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Date: 25th June 2012
A Paul Edwards copyright exclusive for L&DCC Official Website.
Bridging Finance Solutions Liverpool Competition Knockout Trophy: Quarter-Final: At Beech Walk: Leigh, 186 all out (Wells 63, Hibbert 37, Cunningham 4-29, Procter 3-23) beat Firwood Bootle 165 for si
Firwood Bootle's record in the various incarnations of the Liverpool Competition's Knockout Trophy is both impressive and a little freakish. The Wadham Road side went into yesterday's quarter-final having lifted the cup in each of the eight previous years and with 14 wins in the last 16 seasons to their credit. There will, however, be a fresh name inscribed on the trophy in 2012 - and it may be that of Leigh.
Led by a typically classy 63 by Jonathan Wells and further underpinned by a tight bowling and fielding performance, Neil Williams's side dumped their skipper's former club out of this year's competition in a well-contested game at Beech Walk.
At first, though, it was doubtful whether a cricket match would take place at all on Sunday. Overnight rain had got under the covers on the wicket cut for the game and it took a number of meetings and much cogitation on the part of umpires Simon Taylor and Kevin Wilson before it was decided that a 40-over match would begin at two o'clock.
The first 15 overs of the game belonged to Leigh. Asked to be the batsmen to sample the delights of a wicket which was often demanding but never any sort of horror-track, Wells and Andy Batterley put on 87 in 15 overs before Batterley was bowled attempting to pull David Snellgrove. Run-scoring was never going to be as easy again. Luke Procter apart, the Bootle seamers leaked runs at eight-an-over, a rate which was to come back and haunt their side five hours later.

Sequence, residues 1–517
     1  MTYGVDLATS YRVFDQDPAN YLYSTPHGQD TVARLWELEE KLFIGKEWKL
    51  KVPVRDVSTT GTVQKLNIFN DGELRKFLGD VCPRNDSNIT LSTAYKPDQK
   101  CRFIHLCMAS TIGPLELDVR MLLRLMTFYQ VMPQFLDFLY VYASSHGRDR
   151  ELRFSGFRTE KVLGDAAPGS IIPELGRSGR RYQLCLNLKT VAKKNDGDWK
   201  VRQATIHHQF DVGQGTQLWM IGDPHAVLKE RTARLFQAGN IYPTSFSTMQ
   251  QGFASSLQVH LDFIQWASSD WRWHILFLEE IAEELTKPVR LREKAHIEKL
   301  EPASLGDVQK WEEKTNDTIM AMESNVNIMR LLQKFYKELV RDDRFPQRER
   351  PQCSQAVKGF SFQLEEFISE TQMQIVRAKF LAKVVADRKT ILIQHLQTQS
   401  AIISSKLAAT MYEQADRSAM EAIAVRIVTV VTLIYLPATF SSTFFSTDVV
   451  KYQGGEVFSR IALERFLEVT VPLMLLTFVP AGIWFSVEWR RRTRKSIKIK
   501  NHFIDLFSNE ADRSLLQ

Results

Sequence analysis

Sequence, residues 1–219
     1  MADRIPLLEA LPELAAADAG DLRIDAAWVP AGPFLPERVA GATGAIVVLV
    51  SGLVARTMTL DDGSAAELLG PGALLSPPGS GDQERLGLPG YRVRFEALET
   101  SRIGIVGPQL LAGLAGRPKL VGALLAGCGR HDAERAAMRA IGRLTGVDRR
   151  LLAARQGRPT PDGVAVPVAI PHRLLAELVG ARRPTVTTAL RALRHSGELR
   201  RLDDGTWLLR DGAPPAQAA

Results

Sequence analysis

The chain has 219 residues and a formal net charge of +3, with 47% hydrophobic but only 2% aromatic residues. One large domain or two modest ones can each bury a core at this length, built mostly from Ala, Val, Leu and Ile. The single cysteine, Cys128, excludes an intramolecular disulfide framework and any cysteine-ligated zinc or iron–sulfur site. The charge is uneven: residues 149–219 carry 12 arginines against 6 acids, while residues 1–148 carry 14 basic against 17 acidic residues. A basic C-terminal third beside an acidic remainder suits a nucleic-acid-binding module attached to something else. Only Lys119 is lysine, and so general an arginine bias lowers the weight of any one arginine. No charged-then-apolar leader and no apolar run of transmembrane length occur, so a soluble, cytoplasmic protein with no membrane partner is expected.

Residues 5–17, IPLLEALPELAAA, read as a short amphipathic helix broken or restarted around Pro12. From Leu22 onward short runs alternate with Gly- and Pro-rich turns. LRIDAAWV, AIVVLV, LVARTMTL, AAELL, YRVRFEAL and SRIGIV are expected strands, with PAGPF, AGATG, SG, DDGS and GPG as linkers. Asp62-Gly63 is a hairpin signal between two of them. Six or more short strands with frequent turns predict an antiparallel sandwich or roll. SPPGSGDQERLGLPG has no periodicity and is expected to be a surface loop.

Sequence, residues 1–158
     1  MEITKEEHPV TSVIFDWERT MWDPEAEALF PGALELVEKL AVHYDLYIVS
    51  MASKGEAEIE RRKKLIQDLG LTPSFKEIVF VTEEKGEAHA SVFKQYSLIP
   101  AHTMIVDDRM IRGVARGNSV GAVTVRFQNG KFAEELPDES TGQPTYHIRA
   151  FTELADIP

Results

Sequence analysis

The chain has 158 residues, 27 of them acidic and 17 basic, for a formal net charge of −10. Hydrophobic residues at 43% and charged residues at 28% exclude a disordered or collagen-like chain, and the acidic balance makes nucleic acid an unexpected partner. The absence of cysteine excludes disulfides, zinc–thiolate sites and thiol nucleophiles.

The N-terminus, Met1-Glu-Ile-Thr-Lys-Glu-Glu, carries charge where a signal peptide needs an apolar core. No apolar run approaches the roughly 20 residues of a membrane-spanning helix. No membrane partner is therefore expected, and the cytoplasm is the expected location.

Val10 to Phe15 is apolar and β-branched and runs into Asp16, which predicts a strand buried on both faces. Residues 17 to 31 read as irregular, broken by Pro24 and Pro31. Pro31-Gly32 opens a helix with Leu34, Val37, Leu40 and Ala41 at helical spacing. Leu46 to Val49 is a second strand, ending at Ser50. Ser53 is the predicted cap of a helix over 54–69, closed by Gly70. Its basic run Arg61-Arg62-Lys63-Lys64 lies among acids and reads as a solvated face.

In the final 25 overs of the innings Leigh lost all their wickets in adding 99 runs. Partly, this Bootle fightback was down to the professional rectitude of Luke Procter, who conceded 23 runs in taking three wickets in 7.5 overs; partly, too, it can be explained by Snellgrove's experience - the Bootle skipper conceded only 28 runs in seven overs. But the biggest share of the credit should go to Chris Cunningham. The off-spinner took four wickets, including those of Wells, Williams and Matthew Hibbert, for 29 in eight well-controlled overs.
Indeed, only No3 Hibbert, his 37 containing two big sixes, played with much assurance in the second half of the innings; yet, paradoxically, Williams could be encouraged by his batsmen's difficulties: they helped to demonstrate how formidable a score his side's 186 all out really was, especially on a drying pitch.
Coorboration of this view was provided in the first ten overs of the Bootle innings as Craig Prince and Carl Hey struggled to cope with the control and bounce of Adam Hodgkins and the very impressive Richard Dempster. Having made nine runs 29 balls Hey gloved a barely playable delivery from the left-arm seamer to Williams and Prince skied medium-pacer Wells to the keeper when he had made 16.
Snellgrove and Procter effected a partial repair with a careful third-wicket stand of 41in ten overs, but both departed in the space of five runs, the Bootle captain run out for 27 when Procter turned down his call for a run, and the Lancashire all-rounder trapped lbw on the back foot for 18 by Matty McKiernan.
The Hine brothers contributed eight tuns between them to leave Bootle on 99 for six in the 29th over.Michael Gill and Davy Smith's determined 66-run stand in the last eleven overs was played out in the shadow of a required run-rate which was rising faster than Spain's unemployment figures or Colin Ritchie's blood pressure. 42 runs were needed off the last three overs and 21 off the last three. It was too many.
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